The Brexit Redemption

The Brexit Redemption

Most of you would have seen the film The Shawshank Redemption; in fact it is probably on many peoples’ top ten movies of all time. We all know the story. A man is imprisoned for a crime he did not commit; he is forced into working with the corrupt governor; then, when a friend and fellow prisoner is murdered, he steels himself to make an escape. From the outside, he is able to bring down the whole corrupt system – with the crooked governor committing suicide.

When you think about it, the plot of Shawshank is analogous to the story of the United Kingdom’s relationship with the European Union. The British people had signed up for something completely different and had never asked to be there, found itself having to make all sorts of compromises in order to stay alive, and eventually decided to make its escape when it had had enough of it all.

This country made the decision to start chipping at the wall of what was an ever-enclosing cell over forty years ago; the desire to leave the EU is nothing new. When the Prime Minister promised a referendum ahead of the general election last year, he was taking a calculated gamble. He was hoping that the country would draw a line under things and, like Andy, simply return to working for governor Samuel Norton after spending a month in the hole.

For me, the clincher was European Commission President Jean-Claude Juncker’s firm declaration that, in or out, there would be no room for negotiation – effectively smashing the hopes of vote-waverers who might have believed in the idea that the EU could have been reformed from inside.

Was Juncker calling a last-minute bluff, or was he just being obtuse?

It was a gamble that failed. In Shawshank, we see Andy finally flip after his friend Tommy is murdered by the corrupt Captain Hadley, with Norton remaining as obtuse and as inflexible as ever. Rather like the odious Mr. Juncker, a man who has been implicated in a financial scandal in his native Luxembourg.

With that last hopeful vestige of light at the end of the tunnel being extinguished, Andy decided to make his escape. Having chipped and chiselled away to create the tunnel, the last that thing that would separate him from freedom was a long and seemingly endless river of human waste.

Andy crawled to freedom through five hundred yards of shit smelling foulness I can’t even imagine, or maybe I just don’t want to. Five hundred yards… that’s the length of five football fields, just shy of half a mile… Andy Dufresne – who crawled through a river of shit and came out clean on the other side.

In voting to leave the EU, Britain has built its tunnel. The people have had their say, and the decision has been made.
There will be uncertainly. There will be, I have no doubt, a bit of pain and plenty of soul-searching. Like Andy Dufresne, we now have to be prepared to crawl through that river of shit. But I am sure that we will come out clean on the other side.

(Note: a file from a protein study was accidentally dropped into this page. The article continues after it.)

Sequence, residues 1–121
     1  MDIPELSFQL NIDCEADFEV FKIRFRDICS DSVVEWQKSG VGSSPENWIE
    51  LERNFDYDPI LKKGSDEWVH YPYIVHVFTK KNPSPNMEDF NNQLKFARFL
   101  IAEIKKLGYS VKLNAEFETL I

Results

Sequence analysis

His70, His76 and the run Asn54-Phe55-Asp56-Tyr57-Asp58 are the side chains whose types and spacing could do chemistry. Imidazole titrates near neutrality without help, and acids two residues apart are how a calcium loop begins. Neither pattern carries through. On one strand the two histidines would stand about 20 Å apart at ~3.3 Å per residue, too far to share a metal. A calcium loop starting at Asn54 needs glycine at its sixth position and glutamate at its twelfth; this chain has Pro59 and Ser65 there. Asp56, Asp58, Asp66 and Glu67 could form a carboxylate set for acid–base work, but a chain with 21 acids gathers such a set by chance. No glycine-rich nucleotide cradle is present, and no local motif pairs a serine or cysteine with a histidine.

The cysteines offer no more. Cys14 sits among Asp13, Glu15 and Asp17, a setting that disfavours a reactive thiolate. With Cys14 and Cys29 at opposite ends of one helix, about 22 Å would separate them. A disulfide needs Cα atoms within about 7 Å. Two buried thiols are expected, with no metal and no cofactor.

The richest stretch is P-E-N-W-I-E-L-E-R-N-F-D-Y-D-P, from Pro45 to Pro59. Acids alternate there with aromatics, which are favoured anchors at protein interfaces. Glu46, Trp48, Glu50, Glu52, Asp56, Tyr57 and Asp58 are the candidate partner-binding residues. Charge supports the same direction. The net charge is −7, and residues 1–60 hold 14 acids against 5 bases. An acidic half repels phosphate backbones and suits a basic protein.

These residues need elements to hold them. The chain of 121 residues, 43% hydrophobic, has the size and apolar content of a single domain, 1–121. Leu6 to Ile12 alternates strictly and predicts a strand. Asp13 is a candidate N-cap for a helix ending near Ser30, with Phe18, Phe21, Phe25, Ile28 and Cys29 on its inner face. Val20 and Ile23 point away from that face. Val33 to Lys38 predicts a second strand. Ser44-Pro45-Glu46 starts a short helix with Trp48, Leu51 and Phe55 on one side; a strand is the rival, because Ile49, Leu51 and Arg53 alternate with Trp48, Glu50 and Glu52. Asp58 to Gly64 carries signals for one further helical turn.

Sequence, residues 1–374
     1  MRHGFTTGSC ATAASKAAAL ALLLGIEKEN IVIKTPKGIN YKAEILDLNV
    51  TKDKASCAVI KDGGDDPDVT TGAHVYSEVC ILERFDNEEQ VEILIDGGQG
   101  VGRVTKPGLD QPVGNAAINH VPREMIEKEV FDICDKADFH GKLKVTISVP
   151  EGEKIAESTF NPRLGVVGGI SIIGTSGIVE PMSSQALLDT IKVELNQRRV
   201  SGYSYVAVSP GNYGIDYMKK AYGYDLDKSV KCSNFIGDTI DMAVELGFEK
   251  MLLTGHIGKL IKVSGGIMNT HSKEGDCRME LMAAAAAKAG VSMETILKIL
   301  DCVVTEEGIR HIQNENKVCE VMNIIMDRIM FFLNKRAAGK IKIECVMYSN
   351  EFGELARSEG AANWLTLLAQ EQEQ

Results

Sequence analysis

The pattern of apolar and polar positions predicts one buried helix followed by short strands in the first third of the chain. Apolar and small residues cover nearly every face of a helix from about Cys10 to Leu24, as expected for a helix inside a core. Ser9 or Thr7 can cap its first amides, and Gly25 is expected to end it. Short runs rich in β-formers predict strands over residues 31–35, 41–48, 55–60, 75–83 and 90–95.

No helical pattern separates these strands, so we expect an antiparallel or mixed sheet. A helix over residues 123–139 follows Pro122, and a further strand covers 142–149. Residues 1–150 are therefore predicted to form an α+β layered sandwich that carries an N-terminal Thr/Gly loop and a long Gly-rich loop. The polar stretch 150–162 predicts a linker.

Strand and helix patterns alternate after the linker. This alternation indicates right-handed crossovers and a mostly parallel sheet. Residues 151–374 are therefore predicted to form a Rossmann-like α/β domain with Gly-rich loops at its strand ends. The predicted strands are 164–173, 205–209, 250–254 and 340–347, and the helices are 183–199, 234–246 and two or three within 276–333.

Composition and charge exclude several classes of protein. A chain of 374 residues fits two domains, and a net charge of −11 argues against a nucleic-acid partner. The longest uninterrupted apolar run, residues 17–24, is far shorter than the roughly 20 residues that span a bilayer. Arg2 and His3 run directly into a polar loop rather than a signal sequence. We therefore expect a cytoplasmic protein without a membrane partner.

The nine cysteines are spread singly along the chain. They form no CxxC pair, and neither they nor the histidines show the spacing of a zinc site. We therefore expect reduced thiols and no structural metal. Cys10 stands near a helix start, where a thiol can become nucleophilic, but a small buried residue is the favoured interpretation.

It is at this point where we can make the ending even better. The way is now open for others to follow us out. They just need to be brave enough to take that first chip at the wall.

Europe can return to being a Europe of nation states, a Europe that fosters a genuine and natural feeling of mutual respect between countries that are now friends and neighbours. The vote to leave the European Union should not change our view of Europe, and for me nothing has changed.

I have a French partner, I drive a German car, support a German football team, and will continue to visit and spend my money in Europe. I will always prefer boeuf bourguignon to a Lancashire hot pot and a Bratwurst to a British banger containing thirty percent meat; you won’t find any Little Englander here. Far from it.

Yes, I will admit to feeling a little bit grubby in knowing that the direction of my vote was also shared by people who voted leave for other more suspect reasons; people who last week probably thought that Brexit was the name of a cheap breakfast cereal.

This was my Andy Dufresne shit-wading moment, I suppose. Sometimes, you cannot pick and choose your fellow travellers.
For me, Europe is a continent rich in history and culture, whose wonderful people make it what it is. Europe is not the United States of America, and never can be. What makes Europe great are these differences, differences that cannot be destroyed by a faceless bureaucratic machine with an agenda increasingly at odds with the concept of national government and, by extension, ordinary people.

If you truly love Europe, its history, its culture and all it stands for, then you will always be sceptical of the aims and agenda of a faceless, supranational monolith like the European Union. If you truly love Europe, you will be now hoping that every European country can do the same thing.

While I cannot speak for some, the result of this referendum has not changed how the vast majority of British people feel about Europe. We are all friends now, and we do not need some external force with an unwanted internationalist, geopolitical agenda to make us work together. We work together because we are happy to do so, because we want to.
The many peoples of Europe, who have nothing to do with the European Union, will continue to be warm and welcoming, as much as we will continue to do so here. Nobody is going to be shown the door; the Britain I believe in has always welcomed the brightest and best, and will continue to do so.

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